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HQ 951015

December 9, 1992

CLA-2 CO:R:C:M 951015 NLP


TARIFF NO.: 6402.99.15

District Director
U.S. Customs Service
300 South Ferry Street Terminal Island
Room 2071
San Pedro, CA 90731

RE: Protest No. 2704-91-103185; children's athletic shoes; subheading 6402.99.70; foxing-like band; high point rule; T.D. 83-116; T.D. 92-108; HRLs 088501 and 950759

Dear Sir:

This is in response to the Application for Further Review of Protest No. 2704-91-103185, dated July 10, 1991, which pertains to the tariff classification of children's athletic footwear under the Harmonized Tariff Schedule of the United States (HTSUS).


The articles under consideration are boy's athletic shoes, VSC lot 9802, in sizes 2-1/2 to 6. The uppers and soles are made of polyvinyl chloride (PVC). Upon importation, the entry was liquidated under subheading 6402.99.70, HTSUS, which provides for "[o]ther footwear with outer soles and uppers of rubber or plastics: [o]ther footwear: [o]ther: [o]ther: [o]ther, valued over $3 but not over $6.50/pair." The rate of duty is 90 cents per pair + 37.5% ad valorem.

The protestant contends that the shoes are classified in subheading 6402.99.15, HTSUS, which provides for "[o]ther footwear with outer soles and uppers of rubber or plastics: [o]ther footwear: [o]ther: [h]aving uppers of which over 90 percent of the external surface area (including any accessories or reinforcements such as those mentioned in note 4(a) to this chapter) is rubber or plastics (except footwear having a foxing or foxing-like band applied or molded at the shoe and overlapping the upper...): [o]ther." The rate of duty is 6% ad valorem.


Does the boy's athletic shoe possess a foxing-like band?


The classification of merchandise under the HTSUS is governed by the General Rules of Interpretation (GRI's). GRI 1 provides that classification shall be determined first in accordance with the terms of the headings of the tariff and any relative section or chapter notes.

In deciding the classification of footwear of this type, we must determine whether the footwear has as one of its constituent parts a "foxing-like band." Treasury Decision (T.D.) 83-116, 17 Cust. Bull. 229 (1983) set forth guidelines relating to the characteristics of foxing or foxing-like bands. The relevant characteristics at issue in this case read as follows:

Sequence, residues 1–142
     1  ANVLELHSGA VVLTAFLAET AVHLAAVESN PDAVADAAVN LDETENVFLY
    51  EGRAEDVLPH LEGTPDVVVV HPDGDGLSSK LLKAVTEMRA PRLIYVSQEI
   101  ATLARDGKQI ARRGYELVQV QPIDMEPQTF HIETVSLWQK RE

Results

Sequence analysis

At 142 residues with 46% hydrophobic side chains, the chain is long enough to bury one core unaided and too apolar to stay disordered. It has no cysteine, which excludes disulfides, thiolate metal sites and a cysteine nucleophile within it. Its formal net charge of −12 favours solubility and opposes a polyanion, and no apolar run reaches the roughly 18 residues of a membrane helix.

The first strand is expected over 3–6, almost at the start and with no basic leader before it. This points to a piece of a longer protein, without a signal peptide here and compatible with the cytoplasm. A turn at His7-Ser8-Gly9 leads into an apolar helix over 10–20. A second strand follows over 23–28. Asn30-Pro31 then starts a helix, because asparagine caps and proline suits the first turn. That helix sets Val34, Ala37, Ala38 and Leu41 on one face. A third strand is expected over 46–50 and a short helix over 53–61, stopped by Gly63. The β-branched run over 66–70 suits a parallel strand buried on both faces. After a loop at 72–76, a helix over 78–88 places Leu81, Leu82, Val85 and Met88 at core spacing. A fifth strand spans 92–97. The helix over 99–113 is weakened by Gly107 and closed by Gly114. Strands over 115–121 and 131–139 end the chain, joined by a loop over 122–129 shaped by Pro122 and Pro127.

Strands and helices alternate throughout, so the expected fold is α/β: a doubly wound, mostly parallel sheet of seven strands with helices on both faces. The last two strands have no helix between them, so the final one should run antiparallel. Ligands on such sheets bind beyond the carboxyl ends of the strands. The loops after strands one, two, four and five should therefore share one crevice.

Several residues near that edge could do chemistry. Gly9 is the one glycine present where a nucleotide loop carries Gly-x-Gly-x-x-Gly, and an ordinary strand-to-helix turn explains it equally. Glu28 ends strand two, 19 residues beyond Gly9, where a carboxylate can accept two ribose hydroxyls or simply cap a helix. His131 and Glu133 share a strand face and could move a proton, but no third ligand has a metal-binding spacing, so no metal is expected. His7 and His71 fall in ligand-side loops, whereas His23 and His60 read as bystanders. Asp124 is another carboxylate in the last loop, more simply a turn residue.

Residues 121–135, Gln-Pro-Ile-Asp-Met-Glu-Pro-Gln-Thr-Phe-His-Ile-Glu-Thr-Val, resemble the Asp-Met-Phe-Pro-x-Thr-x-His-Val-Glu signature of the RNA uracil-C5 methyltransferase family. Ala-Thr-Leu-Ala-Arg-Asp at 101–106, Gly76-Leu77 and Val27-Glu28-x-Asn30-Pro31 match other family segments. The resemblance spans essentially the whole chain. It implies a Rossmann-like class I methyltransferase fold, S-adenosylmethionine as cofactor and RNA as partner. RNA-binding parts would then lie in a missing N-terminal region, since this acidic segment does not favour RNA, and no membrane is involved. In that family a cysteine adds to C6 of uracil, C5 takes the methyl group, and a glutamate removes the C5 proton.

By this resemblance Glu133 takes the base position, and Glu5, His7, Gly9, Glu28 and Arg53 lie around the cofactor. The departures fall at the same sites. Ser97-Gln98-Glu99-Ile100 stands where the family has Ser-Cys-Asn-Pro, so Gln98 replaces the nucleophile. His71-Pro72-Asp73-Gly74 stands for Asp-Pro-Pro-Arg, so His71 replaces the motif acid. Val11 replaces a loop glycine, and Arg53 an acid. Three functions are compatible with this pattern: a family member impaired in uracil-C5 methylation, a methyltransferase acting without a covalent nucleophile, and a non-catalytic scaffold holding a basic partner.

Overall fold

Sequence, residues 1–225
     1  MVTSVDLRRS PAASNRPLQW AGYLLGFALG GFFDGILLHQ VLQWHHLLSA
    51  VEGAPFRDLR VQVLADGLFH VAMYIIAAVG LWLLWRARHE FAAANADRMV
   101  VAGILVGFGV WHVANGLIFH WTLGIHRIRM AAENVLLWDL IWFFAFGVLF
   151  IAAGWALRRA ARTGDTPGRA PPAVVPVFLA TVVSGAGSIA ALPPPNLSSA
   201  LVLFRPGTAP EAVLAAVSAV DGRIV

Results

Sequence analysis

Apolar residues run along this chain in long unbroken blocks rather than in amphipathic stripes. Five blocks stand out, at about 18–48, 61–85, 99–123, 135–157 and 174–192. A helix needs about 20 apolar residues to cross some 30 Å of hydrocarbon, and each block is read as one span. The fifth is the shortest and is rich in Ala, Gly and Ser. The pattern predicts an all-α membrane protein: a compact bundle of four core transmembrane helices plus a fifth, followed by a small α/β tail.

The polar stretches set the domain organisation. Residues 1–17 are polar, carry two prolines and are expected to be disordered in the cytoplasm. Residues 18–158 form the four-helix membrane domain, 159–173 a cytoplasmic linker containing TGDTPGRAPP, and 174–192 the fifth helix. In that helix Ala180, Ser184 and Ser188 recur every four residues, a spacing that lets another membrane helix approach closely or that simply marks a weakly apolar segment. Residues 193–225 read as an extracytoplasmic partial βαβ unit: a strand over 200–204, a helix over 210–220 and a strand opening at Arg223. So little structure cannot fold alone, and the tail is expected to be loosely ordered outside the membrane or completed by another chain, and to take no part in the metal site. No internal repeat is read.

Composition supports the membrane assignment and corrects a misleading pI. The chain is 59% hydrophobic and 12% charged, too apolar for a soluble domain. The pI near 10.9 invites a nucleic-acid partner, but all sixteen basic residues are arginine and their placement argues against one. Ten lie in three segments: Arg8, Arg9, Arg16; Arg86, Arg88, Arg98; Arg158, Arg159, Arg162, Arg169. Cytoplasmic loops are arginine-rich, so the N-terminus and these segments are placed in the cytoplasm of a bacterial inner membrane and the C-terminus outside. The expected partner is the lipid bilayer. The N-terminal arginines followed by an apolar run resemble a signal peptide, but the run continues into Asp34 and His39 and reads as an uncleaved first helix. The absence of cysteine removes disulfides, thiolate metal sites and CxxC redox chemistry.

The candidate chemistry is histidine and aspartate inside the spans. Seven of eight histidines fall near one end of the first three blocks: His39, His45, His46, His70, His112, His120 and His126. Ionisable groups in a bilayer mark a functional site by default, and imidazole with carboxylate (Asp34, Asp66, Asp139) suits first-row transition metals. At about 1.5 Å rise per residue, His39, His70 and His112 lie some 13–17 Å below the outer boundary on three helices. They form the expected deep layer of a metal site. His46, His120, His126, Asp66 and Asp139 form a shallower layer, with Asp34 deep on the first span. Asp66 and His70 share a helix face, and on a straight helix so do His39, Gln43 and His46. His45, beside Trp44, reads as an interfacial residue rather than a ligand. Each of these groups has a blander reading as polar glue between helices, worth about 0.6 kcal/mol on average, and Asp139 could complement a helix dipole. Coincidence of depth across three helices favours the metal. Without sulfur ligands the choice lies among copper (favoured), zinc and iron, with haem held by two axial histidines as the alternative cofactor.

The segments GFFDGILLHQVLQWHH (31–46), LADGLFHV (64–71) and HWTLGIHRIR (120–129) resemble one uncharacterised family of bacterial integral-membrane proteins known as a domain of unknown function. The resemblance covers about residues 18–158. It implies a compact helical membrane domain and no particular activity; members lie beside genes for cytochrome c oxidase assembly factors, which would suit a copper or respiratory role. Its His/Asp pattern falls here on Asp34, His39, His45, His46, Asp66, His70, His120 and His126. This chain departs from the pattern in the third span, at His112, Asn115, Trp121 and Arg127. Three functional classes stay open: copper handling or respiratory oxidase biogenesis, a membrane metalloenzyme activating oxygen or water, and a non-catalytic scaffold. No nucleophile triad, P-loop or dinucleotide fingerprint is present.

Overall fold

4. A foxing-like band must be applied or molded at the sole and must overlap the upper.

5. A foxing-like band must encircle or substantially encircle the entire shoe.

7. Unit molded footwear is considered to have a foxing- like band if a vertical overlap of 1/4 inch or more exists from where the upper and the outsole initially meet, measured on a vertical plane. If this vertical overlap is less than 1/4 of an inch, such footwear is presumed not to have a foxing-like band.

In Headquarters Ruling Letter (HRL) 088510, dated April 29, 1991, Customs held that children's shoes having an overlap of 3/16 inch or more around 40% of their perimeters may possess foxing-like bands.

The subject children's shoes were liquidated under the premise that they possessed a foxing-like band because of varying amounts of vertical overlap along the perimeter of the shoe. It should be noted that in those instances where there are variations in overlap, the "high point" rule may come into effect. Briefly, this rule means that where the degree of vertical overlap on a unit molded bottom varies, the amount of vertical overlap is considered to be at the "highest point."

The "high point" rule is not used in cases where a separate sole sample is submitted with a sample of the completed shoe. See, HRL 088510. In this case, the protestant submitted an entire shoe and an unattached sole. However, the sole sample was different from the sole on the shoe sample and, therefore, has no bearing on the analysis of this case.

Moreover, the "high point" rule should not be applied where it can be determined without much difficulty that a 3/16 inch overlap by the sole encircles less than 40% of the perimeter of the child's shoe. It is our opinion that the "high point" rule should be primarily relied on in those situations where there are multiple variations in the amount of overlap and measurement that would require numerous cuts at various places along the perimeter of the shoe. However, based on HRL 950759, dated March 18, 1992, which dealt with the classification of women's athletic shoes, the high point rule should not be applied if there is only one variation, called a wave, in the amount of overlap.

In this case, the "high point" rule should not be applied because there is only one variation, a wave, in the amount of overlap. Therefore, in order for the band of the boy's athletic shoe to be deemed a foxing-like band, it must encircle between 40 to 60% of the perimeter of the shoe and have the appearance or function of a foxing-like band or it must encircle 60% or more of the perimeter of the shoe. Custom's position concerning the 40- 60% rule was recently reaffirmed in T.D. 92-108, dated November 25, 1992, 26 Cust. Bull. 48 (1992).

In this instance, a foxing-like band does not exist because the overlap of the upper by the sole is less than 3/16 inch over at least 60.1% of the perimeter of the shoe. With unit molded footwear in children's sizes an overlap of less than 3/16 inch is not sufficient to create a foxing-like band. See, HRL 088510. Therefore, the boy's athletic shoes are classified in subheading 6402.99.15, HTSUS.


The protest should be granted. A copy of this decision should be attached to the Customs Form 19 and provided to the protestant as part of the notice of action on the protest.


John Durant, Director
Commercial Rulings Division

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